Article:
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Mystery Photo: Bald Eagle or Osprey Pellet

 

Congratulations to Jill Osgood (“osgoodjill”), the first reader to correctly identify the pellet of either a Bald Eagle or an Osprey.  Many people are familiar with bird pellets – lumps of material consisting of the indigestible parts of a bird’s diet which are regurgitated by the bird hours after they’ve eaten their prey.  Raptors often consume their prey whole, including parts that are not easily digestible such as fur, feathers, bones, teeth, nails, etc.  These parts get as far as the proventriculus, an organ located between the esophagus and the gizzard, where they are packed into a pellet.

We often associate pellets with owls, but many species of birds, in addition to owls and other birds of prey, form pellets.  They include grebes, herons, cormorants, gulls, terns, kingfishers, crows, jays, dippers, shrikes, swallows, and most shorebirds.  The size of the Mystery Photo pellet (3” long) indicates that the bird that regurgitated it was very large – in general, the larger the bird, the larger the pellet.  It was found near the shore of Lake Champlain, where Ospreys and Bald Eagles are not uncommon.

If I had to, I would guess the pellet was regurgitated by a Bald Eagle. Osprey are piscivores, eating primarily fish, and bald eagles are carnivores, eating a variety of fish, mammals and amphibians. A close look at the pellet reveals, in addition to fur and fish scales, the upper mandible of a very small rodent on the left hand end of the pellet.  An Osprey’s pellets consist of primarily scales and bones, whereas a Bald Eagle’s pellets are composed primarily of hair (its stomach acid breaks down the bones and scales).

Twelve to eighteen hours after consuming prey, a Bald Eagle casts a pellet. Relatively odorless and light-weight, these pelleted remains can reveal the varied diet of this raptor.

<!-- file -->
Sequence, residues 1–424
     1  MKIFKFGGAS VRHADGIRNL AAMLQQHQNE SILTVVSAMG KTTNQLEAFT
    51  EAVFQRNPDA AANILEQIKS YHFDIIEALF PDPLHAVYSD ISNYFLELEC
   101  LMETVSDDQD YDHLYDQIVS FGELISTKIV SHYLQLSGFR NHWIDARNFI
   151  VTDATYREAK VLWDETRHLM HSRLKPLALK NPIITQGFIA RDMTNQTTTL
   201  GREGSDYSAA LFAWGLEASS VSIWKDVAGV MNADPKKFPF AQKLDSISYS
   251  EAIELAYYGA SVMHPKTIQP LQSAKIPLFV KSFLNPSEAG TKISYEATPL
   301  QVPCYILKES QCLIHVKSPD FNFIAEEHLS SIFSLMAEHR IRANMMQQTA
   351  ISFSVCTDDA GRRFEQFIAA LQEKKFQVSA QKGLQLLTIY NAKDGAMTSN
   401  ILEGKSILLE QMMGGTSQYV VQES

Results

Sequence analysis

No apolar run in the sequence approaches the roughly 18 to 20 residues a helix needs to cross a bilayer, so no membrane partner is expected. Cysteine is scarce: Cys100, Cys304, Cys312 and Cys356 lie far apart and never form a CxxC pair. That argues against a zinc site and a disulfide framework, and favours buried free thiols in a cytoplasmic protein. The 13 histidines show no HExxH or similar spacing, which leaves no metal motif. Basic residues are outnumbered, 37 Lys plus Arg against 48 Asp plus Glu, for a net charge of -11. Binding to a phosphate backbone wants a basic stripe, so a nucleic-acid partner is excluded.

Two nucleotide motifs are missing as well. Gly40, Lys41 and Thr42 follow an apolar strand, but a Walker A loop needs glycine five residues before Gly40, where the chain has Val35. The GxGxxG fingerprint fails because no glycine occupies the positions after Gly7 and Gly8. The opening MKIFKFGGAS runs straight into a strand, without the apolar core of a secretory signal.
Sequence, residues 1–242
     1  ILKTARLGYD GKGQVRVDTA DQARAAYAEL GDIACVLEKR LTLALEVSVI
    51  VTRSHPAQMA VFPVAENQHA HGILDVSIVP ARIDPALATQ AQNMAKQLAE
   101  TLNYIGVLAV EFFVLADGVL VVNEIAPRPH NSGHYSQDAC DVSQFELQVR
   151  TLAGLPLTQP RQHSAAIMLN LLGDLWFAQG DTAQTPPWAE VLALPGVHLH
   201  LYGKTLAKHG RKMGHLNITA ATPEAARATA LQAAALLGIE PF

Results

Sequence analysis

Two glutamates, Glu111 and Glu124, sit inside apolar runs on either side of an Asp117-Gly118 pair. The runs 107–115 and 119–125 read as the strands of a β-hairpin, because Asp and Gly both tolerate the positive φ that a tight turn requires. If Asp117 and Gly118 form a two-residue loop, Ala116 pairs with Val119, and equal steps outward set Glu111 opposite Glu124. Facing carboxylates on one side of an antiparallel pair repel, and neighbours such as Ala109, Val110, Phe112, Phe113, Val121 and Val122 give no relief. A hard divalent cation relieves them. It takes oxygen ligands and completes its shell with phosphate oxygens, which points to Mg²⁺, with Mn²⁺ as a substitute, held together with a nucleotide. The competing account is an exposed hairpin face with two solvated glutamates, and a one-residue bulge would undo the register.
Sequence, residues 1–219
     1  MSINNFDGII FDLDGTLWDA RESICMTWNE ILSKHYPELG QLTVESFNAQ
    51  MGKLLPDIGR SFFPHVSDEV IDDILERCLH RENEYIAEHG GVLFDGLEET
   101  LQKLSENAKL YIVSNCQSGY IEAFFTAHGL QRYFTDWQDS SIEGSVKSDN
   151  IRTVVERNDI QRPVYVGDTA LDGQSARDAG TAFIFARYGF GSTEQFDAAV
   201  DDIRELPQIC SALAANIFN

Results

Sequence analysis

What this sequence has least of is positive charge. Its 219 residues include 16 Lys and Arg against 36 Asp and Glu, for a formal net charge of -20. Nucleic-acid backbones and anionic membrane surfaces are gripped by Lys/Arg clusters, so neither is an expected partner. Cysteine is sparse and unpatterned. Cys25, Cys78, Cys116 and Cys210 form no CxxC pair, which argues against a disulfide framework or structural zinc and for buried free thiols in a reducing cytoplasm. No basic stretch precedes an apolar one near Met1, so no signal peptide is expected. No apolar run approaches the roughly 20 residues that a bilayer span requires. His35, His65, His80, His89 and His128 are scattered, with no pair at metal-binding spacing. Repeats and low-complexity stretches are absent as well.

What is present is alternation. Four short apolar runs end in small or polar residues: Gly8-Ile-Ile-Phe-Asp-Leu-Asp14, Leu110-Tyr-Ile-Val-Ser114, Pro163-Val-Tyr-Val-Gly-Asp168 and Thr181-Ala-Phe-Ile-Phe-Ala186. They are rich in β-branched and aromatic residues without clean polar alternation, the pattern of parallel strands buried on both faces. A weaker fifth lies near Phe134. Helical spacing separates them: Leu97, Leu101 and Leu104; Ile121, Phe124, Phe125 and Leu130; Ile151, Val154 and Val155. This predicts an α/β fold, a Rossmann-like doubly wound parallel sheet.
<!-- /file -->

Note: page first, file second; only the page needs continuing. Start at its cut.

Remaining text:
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6 responses

  1. Tom Stearns

    Hi Mary,

    The attached photo might be a good one for your next mystery post. Once we determine what it’s from! Let me know what you think or if you have any questions. It was pointed out to me by my friend Kathryn Donovan in Montpelier who saw it appear overnight in her wood pile. Ash.

    Tom

    [cid:F85D4229-47CD-4331-A4F8-908ED2C038BE]

    [cid:D7B4FEF5-B24D-45B3-9561-37513C7628F9]

    Tom Stearns
    Founder and Chairman

    Mobile: 802-224-6301
    Email: tom@highmowingseeds.com

    High Mowing Organic Seeds
    76 Quarry Rd.
    Wolcott, VT 05680 USA
    highmowingseeds.com

    August 3, 2020 at 8:37 am

  2. Andy Hutchinson

    Andy Hutchinson

    August 3, 2020 at 10:42 am

  3. Andy Hutchinson

    Mary, could it have been from a large heron or egret?

    August 3, 2020 at 10:44 am

    • Great question, Andy. Great Blue Herons do regurgitate pellets! I’ve only seen one regurgitated once, from a distance, and it didn’t appear to be this large, but it may have been! My guess is a great egret’s pellet is smaller as well, but I honestly don’t know if it is.

      August 3, 2020 at 2:34 pm

  4. So interesting!

    August 3, 2020 at 1:10 pm

  5. Alice

    That is so very interesting. The shores of Lake Champlain will give you lots of exploring area!

    August 7, 2020 at 1:35 pm

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